Letter: Arm teachers? Schools cannot even afford soap
As a retired teacher who worked with disadvantaged children for 37 years, I'm appalled that people believe teachers should be armed. The world is frightening enough for children without them thinking their teachers might have concealed weapons.
During the 20 years I worked in North Sacramento, we often taught through lockdowns. Mostly this happened because of domestic disputes that erupted at school, or a mentally ill person came on campus and decided to stay, or there was police action in the neighborhood.
Once during recess we thought we heard gunshots, so we rushed to our classrooms. I remember saying, "Run with me, kids." Later we learned that the sounds were caused by our own truant students, who were putting illegal firecrackers into car batteries. A few years later, one of those brothers was shot and killed as he got off a bus on Watt Ave. Every year at that school, we learned of tragic, violent incidents.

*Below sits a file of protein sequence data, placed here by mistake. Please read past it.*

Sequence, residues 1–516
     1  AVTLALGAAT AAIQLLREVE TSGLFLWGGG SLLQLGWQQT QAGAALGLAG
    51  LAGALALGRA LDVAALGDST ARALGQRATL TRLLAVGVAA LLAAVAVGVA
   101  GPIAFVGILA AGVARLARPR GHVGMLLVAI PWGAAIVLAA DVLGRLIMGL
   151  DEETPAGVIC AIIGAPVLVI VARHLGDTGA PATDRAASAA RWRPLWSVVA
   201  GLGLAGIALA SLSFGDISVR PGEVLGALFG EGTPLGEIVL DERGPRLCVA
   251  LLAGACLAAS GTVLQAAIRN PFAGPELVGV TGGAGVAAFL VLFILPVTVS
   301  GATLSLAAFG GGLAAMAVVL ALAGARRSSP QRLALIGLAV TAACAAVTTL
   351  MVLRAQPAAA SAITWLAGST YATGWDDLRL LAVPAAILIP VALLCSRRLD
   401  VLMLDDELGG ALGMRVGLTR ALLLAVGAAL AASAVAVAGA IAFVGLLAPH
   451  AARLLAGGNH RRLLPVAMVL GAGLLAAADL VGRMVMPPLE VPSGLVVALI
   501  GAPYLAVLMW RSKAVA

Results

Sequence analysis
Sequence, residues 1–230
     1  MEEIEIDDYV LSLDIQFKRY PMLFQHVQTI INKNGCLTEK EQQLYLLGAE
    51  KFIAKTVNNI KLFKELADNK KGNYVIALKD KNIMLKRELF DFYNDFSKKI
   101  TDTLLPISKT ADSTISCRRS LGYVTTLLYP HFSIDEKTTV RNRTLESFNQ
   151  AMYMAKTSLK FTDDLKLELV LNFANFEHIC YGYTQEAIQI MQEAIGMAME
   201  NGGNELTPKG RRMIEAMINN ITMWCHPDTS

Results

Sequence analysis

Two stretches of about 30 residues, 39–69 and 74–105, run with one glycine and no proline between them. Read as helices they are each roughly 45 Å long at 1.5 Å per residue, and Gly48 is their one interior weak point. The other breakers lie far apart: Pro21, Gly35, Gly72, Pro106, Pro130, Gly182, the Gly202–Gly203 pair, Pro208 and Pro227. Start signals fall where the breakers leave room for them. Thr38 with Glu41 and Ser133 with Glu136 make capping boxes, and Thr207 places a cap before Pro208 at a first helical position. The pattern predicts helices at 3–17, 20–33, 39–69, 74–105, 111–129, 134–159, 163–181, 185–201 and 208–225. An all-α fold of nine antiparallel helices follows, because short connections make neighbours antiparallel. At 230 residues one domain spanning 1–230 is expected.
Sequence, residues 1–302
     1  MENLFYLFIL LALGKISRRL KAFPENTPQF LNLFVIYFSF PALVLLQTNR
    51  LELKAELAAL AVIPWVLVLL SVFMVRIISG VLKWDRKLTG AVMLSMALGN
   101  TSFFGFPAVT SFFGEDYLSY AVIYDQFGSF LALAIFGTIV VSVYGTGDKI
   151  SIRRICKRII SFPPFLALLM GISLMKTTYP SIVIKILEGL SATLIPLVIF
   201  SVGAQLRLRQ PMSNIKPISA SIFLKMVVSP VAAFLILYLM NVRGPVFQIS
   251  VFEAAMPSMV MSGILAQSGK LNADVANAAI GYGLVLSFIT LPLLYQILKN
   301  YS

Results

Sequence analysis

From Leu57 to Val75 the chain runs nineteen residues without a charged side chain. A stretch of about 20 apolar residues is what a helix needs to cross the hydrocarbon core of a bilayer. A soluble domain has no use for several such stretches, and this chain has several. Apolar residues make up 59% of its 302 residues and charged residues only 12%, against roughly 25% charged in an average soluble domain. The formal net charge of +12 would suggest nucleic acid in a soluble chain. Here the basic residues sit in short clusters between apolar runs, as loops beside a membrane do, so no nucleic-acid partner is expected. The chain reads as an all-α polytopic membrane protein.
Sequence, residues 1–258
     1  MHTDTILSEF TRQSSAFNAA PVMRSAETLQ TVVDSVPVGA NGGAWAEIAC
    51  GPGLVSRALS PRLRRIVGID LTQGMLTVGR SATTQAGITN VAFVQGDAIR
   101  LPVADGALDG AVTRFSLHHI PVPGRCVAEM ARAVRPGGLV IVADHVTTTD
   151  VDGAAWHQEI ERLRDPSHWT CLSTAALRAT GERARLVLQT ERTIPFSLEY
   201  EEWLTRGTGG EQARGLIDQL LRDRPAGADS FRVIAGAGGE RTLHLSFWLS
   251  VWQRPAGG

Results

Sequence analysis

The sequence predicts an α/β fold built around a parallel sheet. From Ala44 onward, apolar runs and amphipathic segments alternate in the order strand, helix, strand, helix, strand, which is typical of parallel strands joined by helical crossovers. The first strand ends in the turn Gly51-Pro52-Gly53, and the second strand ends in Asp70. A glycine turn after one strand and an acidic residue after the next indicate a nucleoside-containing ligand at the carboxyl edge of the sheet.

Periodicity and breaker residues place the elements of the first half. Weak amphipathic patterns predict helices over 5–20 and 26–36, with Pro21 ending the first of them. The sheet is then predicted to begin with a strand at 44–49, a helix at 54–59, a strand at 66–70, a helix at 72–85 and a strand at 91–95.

Even with these experiences, I'm against guns in schools. My school couldn't afford soap in the restrooms; how could we pay for guns and training? Teachers watched out for keys and purses, but sometimes they were lost or stolen. There were break-ins by people who wanted our electronics and medications. Having guns around children is an invitation to disaster. My own 13-year old nephew was accidentally killed with a .22 rifle and our family was never the same.
My classroom had a steel door, there were metal grids on the window and we trained for emergencies. It wasn't a perfect solution, but I felt relatively safe.
With accessible mental health care, stronger family values, a better economy, and fewer guns, we can reduce this mindless violence.